Prepared Floor Statement by U.S. Senator Chuck Grassley of Iowa
On Iowa Flooding
Wednesday, May 8, 2019
I once again come to the floor to talk about the ongoing flooding in the Midwest and particularly Iowa. Flooding on the Mississippi has gotten worse as flood protection has not been adequate in several areas of Scott County to deal with the historic water levels. Parts of the downtown area in Davenport are now inundated with floodwaters. This area includes many businesses and homes. It appears that this will be the most damaging flood in the city’s history.
Unfortunately, the National Weather Service reports that this week’s forecast is filled with rain for the whole of Iowa, which could cause additional flooding, or reflooding, throughout the state. The Missouri River could rise two to four feet depending on the location and tributary flows. And, as of right now, most of Southwest Iowa is without even minimal flood protection due to the breached, overtopped, or compromised levees caused by the unique weather system that brought record flows down the lower Missouri River earlier this year. The Army Corps of Engineers is working to fix the large breaches, but communities are threatened by even minor rain. This recovery will be long and federal resources will continue to be needed as the restoration and rebuilding takes place. I am committed to continuing to work at the federal level to help Iowa and our neighboring states through this process.
In April, the Environment and Public Works Committee held a field hearing on the Midwest floods chaired by Senator Ernst where she and I, along with other Senators, had the chance to question the Corps on its management of the Missouri River. For years I have worked with several of my congressional colleagues to make flood control the number one priority of the Corps in its management of the Missouri River. Protection of life and property should take precedence over recreation and experiments that may or may not help endangered species and the other purposes of the river identified in the Master Manual.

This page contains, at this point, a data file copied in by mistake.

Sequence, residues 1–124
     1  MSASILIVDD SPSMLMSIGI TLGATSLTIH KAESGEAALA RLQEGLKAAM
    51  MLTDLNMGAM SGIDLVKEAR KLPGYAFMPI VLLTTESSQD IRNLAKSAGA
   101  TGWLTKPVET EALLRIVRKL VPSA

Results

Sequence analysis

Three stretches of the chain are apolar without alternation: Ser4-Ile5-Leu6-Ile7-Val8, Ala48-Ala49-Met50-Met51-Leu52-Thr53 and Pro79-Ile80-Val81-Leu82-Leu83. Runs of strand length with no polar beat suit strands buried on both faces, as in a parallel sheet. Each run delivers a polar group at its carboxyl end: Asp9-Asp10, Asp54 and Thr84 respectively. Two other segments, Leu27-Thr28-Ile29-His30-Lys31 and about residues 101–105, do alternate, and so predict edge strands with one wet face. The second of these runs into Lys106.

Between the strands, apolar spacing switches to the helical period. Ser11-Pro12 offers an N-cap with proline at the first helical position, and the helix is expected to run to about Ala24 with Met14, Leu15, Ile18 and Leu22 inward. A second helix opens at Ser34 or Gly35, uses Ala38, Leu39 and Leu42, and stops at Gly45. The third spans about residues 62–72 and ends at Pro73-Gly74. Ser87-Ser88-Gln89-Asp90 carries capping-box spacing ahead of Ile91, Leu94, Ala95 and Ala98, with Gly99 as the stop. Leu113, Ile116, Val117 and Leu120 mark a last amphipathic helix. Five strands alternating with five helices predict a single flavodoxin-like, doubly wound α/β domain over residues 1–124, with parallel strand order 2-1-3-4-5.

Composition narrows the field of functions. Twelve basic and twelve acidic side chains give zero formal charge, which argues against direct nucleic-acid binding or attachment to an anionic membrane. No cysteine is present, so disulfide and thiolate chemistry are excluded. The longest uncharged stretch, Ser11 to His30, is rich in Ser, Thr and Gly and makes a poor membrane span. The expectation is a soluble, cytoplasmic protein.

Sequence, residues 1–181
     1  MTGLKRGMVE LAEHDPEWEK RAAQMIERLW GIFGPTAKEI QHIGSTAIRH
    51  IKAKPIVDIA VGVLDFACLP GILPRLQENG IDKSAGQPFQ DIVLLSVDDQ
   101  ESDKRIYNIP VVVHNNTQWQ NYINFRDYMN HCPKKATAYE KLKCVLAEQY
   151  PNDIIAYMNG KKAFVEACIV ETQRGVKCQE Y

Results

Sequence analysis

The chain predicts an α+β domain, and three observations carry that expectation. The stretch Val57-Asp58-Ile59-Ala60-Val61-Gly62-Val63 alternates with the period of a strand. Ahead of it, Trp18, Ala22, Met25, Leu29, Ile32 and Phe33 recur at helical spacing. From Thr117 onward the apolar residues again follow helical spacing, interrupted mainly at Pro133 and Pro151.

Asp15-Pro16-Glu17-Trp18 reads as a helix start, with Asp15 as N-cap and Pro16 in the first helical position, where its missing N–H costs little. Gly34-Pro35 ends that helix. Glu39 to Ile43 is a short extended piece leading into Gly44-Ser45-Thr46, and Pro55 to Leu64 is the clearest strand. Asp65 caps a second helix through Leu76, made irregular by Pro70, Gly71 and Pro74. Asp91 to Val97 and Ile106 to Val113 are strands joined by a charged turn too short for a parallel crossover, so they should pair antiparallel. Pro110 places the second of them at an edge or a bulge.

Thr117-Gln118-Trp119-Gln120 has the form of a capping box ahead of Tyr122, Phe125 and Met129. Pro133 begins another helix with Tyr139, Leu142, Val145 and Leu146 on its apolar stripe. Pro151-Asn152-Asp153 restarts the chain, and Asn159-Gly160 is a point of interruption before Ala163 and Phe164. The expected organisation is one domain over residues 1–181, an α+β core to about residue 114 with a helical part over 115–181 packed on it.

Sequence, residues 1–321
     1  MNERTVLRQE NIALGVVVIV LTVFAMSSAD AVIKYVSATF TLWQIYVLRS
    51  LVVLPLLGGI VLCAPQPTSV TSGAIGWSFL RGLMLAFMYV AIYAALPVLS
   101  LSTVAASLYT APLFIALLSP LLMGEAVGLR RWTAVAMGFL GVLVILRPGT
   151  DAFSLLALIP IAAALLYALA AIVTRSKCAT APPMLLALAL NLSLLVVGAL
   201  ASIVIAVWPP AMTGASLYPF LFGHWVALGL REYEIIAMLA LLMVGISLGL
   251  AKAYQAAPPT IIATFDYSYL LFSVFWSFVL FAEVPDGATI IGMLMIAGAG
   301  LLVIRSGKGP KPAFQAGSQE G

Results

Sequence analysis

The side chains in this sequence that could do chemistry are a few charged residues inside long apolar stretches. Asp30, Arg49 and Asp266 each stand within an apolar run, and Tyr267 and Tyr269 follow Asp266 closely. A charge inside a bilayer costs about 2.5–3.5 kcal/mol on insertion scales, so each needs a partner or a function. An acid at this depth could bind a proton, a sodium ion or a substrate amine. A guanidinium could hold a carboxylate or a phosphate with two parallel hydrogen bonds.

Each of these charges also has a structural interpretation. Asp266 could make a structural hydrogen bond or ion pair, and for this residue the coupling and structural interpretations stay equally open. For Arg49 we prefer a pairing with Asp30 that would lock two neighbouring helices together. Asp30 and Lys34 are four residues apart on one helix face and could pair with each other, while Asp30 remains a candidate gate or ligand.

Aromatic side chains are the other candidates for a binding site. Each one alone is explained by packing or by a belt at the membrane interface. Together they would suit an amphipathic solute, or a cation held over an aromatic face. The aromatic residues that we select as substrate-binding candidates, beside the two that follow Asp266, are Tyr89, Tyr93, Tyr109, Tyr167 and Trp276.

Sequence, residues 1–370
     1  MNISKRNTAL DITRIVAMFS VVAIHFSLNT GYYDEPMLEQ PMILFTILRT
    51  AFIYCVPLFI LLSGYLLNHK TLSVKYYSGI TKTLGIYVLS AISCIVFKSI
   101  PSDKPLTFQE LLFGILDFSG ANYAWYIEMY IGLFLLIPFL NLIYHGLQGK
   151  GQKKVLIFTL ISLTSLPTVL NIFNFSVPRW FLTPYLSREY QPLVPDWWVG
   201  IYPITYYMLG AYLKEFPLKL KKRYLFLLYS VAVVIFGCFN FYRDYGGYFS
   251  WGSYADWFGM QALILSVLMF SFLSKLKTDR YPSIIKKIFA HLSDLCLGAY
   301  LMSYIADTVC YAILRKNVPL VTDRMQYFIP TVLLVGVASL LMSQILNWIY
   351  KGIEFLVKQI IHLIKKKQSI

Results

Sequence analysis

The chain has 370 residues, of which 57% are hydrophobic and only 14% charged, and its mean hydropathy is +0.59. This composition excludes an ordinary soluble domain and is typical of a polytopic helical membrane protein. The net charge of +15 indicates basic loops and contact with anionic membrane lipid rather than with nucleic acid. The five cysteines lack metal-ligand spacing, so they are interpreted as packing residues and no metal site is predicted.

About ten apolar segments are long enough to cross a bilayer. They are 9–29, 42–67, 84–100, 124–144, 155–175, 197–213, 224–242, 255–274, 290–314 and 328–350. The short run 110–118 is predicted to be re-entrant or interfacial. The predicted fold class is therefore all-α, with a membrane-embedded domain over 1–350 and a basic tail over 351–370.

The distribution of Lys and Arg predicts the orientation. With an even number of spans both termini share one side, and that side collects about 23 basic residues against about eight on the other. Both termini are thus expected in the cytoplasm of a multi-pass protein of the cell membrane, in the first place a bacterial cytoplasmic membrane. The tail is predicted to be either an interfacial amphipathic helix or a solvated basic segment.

From 1979 until the changes in 2004, the Master Manual stated that the number one priority was flood control. Changes to the manual in 2004 made it so the Corps must balance the purposes of the river. Since that time, there has been a dramatic increase in flood frequency and floodwater levels. The river’s flood-carrying capacity has changed and there were no natural events before 2011 that could have caused these changes. I reiterate – life safety and property should be the number one priority of the Corps in its management of the Missouri River.
My colleagues and I have also heard complaints about the unresponsive Corps and the lack of communication with local residents about the floods. After the 2011 floods, some communications were enhanced. However, a lack of updated data and communication was still one of the most common complaints. As a direct result of meetings with local levee sponsors, homeowners, businesses, farmers, and other stakeholders, a group of ten Senators requested the Corps begin sending email updates to all local sponsors on a weekly basis starting within 30 days. These updates should include snowpack levels, available flood control storage in the Missouri River Mainstem Reservoir System, cubic feet per second release rates at the system’s dams, and flow rates in key tributaries as well as current National Weather Service precipitation forecasts and the spring flood outlook.